Written on: July 1, 2022 by Nicholas Georges
A little over five years ago, I stopped working in the aerosol industry and started working for the industry. I had big shoes to fill, replacing Doug Fratz at the Consumer Specialty Products Association (CSPA), now the Household & Commercial Products Association (HCPA). I was no longer helping put products in the hands of customers for one company. Instead, I became a representative for the entire supply chain, helping to communicate how aerosol products are safe and beneficial to consumers and workers. One way I do this is by sharing timely and relevant information with you, the readers of SPRAY Technology & Marketing.
When I joined the industry, I kept hearing that we were constantly reacting to legislative and regulatory issues. As I’m sure you’ll agree, there’s been plenty to react to in the last five years, such as the California Cleaning Product Right to Know Act of 2017, legislative limits on 1,4-dioxane in products, the American Innovation & Manufacturing (AIM) Act, the 2021 California Air Resources Board (CARB) amendments and Extended Producer Responsibility.
These changes seem to be coming at us faster than before, but change is something businesses need to accept—whether it’s due to new legislation, updated regulations or changes in consumer behavior. Failure to adapt and innovate could cause businesses to be left behind.
There’s even more on the horizon that we, as an industry, need to prepare for. In the next five years, there will be changes to the Occupational Safety & Health Administration’s (OSHA) Hazard Communication Standard, updates to the Federal Trade Commission’s (FTC) Green Guides, different labeling requirements for Proposition 65, additional activity by CARB on the next round of amendments to the volatile organic compound (VOC) regulation for consumer products, risk management actions under the Toxic Substances Control Act (TSCA) and a changing landscape on how we dispose of products and manage sustainability efforts. Since I started writing this column in August 2017, it’s been my goal to provide HCPA members and SPRAY readers with as much time as possible to prepare for and react to these changes.
Another goal of mine working for the industry is being proactive, which can take considerable time and resources to achieve. One activity HCPA has undertaken is a 20+ year effort to develop the data and information needed to convince the U.S. Environmental Protection Agency (EPA) to add aerosol containers to universal waste programs. So far, 32 States have modified their hazardous waste regulations to include aerosol containers, and HCPA will continue to advocate in the remaining 18 States and the District of Columbia.
More recently, HCPA and the Can Manufacturers Institute (CMI) launched the Aerosol Recycling Initiative, which aims to increase recycling and onpack recyclability messaging. The initiative’s goals are to achieve at least an 85% recycling access rate for all aerosol containers by 2030, which means that households have the ability to recycle their empty cans in their local recycling programs and label at least 90% of aerosol containers as recyclable with messaging about how to properly do so.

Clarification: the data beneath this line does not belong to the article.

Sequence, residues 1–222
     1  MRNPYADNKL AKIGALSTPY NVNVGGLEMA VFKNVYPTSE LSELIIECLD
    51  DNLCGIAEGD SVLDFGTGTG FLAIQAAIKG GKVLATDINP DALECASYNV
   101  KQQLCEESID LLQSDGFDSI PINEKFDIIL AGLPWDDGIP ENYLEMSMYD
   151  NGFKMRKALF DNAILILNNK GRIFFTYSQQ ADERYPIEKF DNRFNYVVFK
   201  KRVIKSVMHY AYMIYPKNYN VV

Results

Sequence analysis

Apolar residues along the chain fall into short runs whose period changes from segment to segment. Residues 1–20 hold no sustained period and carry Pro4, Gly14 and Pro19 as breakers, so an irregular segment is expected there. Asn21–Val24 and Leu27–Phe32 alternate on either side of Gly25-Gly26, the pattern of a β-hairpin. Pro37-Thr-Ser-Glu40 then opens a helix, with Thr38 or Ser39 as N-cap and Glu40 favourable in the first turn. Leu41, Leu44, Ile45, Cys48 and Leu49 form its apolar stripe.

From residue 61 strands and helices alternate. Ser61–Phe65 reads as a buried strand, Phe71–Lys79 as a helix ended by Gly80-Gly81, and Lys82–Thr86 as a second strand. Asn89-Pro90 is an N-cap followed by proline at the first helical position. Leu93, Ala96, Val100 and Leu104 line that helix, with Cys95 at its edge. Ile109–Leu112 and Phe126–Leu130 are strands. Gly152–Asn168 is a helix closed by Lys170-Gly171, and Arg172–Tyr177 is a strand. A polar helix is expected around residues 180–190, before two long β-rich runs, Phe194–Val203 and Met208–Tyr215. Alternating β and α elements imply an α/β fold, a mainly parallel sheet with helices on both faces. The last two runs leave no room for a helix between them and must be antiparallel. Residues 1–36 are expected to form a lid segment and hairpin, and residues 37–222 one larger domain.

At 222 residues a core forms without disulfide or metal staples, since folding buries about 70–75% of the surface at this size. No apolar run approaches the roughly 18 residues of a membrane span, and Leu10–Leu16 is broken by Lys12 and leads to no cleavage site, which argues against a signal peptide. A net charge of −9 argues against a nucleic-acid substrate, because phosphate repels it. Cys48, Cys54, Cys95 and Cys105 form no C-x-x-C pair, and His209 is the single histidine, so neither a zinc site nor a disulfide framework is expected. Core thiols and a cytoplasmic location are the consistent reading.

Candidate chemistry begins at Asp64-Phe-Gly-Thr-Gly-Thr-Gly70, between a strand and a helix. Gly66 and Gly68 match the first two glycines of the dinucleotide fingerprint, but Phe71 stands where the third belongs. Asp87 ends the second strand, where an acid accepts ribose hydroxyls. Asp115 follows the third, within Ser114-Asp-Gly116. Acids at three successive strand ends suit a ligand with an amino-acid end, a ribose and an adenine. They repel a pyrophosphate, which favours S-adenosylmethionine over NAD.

Working with a team of consultants (Gersham, Brickner & Bratton [GBB], Eunomia Research & Consulting and Jensen Hughes), the Initiative will:
• Develop data on the perceived risks of recycling aerosol products.
• Conduct an economic and environmental assessment to demonstrate the benefits of recycling aerosol products.
• Consult with material recovery facilities (MRFs) regarding their operations related to the handling of aerosol containers.
• Establish best practices to communicate with consumers how to recycle aerosol products when they are finished.
While it’s difficult to be proactive when there are so many issues that require our immediate attention, we must always be thinking about ways to grow and sustain the aerosol industry, such as streamlining shipping requirements, looking more closely at inhalation toxicity or continuing to showcase the sustainability of the aerosol delivery form.
One of the strongest predictive tools—and something I write about regularly for SPRAY—is the Aerosol Pressurized Products Survey. The Survey reports on the unit production of aerosol products, valves and containers in the U.S. to provide a comprehensive snapshot of the aerosol industry. This helps identify potential opportunities within product categories, reassess sales strategies and plan for future production and investments. It is also beneficial information to have when communicating with external stakeholders, such as legislators and regulators. That’s why I always make such a strong push for participation in the Survey. Without your input, we can’t generate accurate results, and that is detrimental to the aerosol industry.
I’d like to close by saying Thank You for letting me represent the aerosol industry. It’s been an amazing five years and I look forward to the next five, working on your behalf. For more information or to get involved, please contact me at firstname.lastname@example.org. SPRAY